Bass fishing reports
striper fishing hot spot topograhical maps:
Alabama Coosa River = Spawning stripers Self sustaining population
Alabama State Record Striped Bass Alabama
Freshwater Stripers Records
Charles Totty Tallapousa river 1955 55 Lbs
Hybrid Striped Bass fishing record
25 lbs 15 oz -- 9/13/96 Sipsey Fork E. H. Hodges/Chelsea
Alabama Saltwater Striper Fishing Record
55 lbs Billy Henderson Hometown Fairfield Al
Alabama boasts a healthy population of stripers. They can be found in major lakes including Lake Eufaula, Guntersville Lake, Lake Harding, Lay Lake, Logan Martin Lake, Lake Martin, Lake Neely Henry, Smith Lake, Lake Tuscaloosa, Lake Weiss, West Point Lake, Wheeler Lake, Wilson Lake and Lake Woodruff.
When fishing for stripers concentrate on the deeper waters in the lake. If you can locate schools of shad, stripers are often close by. When the baitfish are shallow over the deep water, you can catch stripers on crankbaits or by swimming spoons at appropriate depths. And for the ultimate thrill try large topwater baits if you see any surface feeding action. When the stripers are deep, jigs and jigging spoons work well. Live and cut bait will also take striped bass when they are in medium to deeper water. Fish nearby or in the river channel if it is a defined depth change. Trolling is also an excellent way to fish for stripers. Use flashy lures in bigger sizes
Lake Eufaula Weather for Lake Eufala (Walter E. George) Reservoir Noted for its excellent largemouth bass population, as well as an outstanding hybrid striped bass fishery. 45,180 acres.
Weather For Smith lake Alabama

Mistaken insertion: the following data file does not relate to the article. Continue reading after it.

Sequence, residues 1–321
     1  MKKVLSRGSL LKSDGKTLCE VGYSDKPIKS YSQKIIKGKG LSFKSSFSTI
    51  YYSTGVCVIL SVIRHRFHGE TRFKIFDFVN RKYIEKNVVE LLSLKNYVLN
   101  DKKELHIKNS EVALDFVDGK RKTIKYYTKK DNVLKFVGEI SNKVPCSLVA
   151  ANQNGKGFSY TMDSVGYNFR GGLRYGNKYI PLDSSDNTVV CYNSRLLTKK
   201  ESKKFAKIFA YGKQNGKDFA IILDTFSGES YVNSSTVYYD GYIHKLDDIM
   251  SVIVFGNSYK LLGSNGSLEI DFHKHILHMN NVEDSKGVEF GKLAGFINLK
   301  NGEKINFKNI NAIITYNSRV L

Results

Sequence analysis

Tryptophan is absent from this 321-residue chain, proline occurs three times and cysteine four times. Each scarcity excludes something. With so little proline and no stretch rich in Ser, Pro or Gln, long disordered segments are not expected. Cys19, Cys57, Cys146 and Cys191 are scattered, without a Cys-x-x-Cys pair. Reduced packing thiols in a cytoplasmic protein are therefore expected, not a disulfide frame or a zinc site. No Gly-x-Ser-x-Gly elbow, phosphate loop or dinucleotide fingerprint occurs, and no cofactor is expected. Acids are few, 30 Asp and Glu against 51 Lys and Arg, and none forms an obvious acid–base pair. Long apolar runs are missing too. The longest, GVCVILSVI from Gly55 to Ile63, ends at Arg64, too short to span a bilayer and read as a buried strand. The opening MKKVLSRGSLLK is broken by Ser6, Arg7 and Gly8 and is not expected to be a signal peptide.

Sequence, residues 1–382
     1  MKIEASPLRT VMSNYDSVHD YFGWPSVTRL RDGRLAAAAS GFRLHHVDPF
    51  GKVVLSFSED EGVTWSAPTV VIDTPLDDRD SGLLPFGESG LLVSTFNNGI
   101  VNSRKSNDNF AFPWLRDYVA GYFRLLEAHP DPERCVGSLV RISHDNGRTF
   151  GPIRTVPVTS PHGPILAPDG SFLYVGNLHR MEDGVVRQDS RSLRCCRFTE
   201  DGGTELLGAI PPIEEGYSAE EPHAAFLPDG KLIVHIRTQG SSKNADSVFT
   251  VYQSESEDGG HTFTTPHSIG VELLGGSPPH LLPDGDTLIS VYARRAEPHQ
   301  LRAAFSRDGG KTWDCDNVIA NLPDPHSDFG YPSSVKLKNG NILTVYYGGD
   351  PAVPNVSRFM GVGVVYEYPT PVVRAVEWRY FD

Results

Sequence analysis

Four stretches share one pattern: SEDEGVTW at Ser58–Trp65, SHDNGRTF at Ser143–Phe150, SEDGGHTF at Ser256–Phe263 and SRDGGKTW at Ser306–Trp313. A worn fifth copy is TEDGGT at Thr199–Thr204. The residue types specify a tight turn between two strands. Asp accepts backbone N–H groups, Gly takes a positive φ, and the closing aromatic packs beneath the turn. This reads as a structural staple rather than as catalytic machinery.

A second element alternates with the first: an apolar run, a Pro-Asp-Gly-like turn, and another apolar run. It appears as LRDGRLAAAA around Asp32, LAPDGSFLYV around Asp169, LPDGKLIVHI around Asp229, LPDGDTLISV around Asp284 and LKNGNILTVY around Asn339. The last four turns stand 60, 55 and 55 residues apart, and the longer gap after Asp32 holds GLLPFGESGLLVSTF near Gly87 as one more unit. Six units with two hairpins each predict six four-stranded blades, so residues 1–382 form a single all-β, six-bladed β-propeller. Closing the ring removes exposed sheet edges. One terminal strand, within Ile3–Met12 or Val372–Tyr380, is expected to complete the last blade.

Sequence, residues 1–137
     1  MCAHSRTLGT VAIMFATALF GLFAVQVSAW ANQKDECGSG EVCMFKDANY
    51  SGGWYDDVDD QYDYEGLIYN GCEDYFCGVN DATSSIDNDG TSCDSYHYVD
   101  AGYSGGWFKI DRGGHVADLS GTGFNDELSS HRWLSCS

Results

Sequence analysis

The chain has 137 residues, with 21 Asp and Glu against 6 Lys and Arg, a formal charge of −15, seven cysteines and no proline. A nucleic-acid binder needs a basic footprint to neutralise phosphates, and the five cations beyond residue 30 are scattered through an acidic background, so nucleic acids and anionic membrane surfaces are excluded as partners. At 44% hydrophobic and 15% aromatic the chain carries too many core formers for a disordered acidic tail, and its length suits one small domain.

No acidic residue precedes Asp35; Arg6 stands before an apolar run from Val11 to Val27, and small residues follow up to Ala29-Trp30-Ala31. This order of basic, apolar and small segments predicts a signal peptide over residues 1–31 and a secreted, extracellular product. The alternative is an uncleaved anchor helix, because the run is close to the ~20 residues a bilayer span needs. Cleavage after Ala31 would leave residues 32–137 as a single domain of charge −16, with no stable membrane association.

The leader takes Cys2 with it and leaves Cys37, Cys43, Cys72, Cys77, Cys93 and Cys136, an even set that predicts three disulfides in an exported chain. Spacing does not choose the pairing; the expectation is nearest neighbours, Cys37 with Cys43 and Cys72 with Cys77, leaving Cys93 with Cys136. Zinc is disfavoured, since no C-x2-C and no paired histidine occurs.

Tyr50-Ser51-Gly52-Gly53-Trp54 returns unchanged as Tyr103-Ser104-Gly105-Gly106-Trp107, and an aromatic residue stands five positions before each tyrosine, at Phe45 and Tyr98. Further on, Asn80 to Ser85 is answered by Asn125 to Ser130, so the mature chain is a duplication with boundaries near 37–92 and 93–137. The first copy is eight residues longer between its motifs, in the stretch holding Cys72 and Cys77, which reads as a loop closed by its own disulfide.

Smith Lake impounds 20,120 acres in the hills of Walker, Winston and Cullman counties The deep waters leaving Smith Lake provide a fishery unique within Alabama. The Sipsey Fork of the Black Warrior River below Lewis Smith Dam remains in the fifty to sixty-five degree range all year. These temperatures are too cold for native populations to thrive, but the cold water provides an opportunity for anglers interested in rainbow trout to test their skills. The tailwaters also provide a seasonal skipjack herring fishery (March-April) and a fishery for both large "saltwater" striped bass and white bass / striped bass hybrids (also known as wipers). The Alabama record hybrid striped bass came from the Smith Lake tailwaters. This fishery is located in a tailwater, and water is released to generate power on an as-needed basis. That means the water levels can fluctuate and fluctuate quickly. For information about intended release times, call 1-800-LAKES-11 (1-800-525-3711). Remember these release schedules are subject to change without notice. When water is released, one should Immediately get out of the stream and to a point of safety above the vegetation line. On the east side of the Sipsey Fork, there is a paved road running north off Hwy 69. This road runs for 2 miles to the Birmingham water pumping station. Many access points to the river are available from this road. To fish above the pumping station, dirt road can be walked by walking around the pumping station. Waders and felt sole boots should be used by waders because of the water temperature and the slick algae-covered rocks. This area is close to the dam, and the water may rise very quickly without warning. One can also fish at the dam from the west side of the river with access provided by Alabama Power Company. Boat access is available downstream off County Road 22 near the town of Sipsey. A recent study analyzed the food habits of striped bass. More than 2,400 prey items were retrieved from striped bass stomachs. Almost 2,300 of the prey items were shad, the primary forage of striped bass. Only twelve prey items, six bluegill and six crappie, were game fish. This is important information because many anglers assume that striped bass often prey on game fish. The Wildlife and Freshwater Fisheries Division manages, protects, conserves and enhances the freshwater resources of Alabama including 47 reservoirs larger than 500 acres that cover 551,220 acres, 23 State Public Fishing Lakes , and 77,000 miles of perennial rivers and streams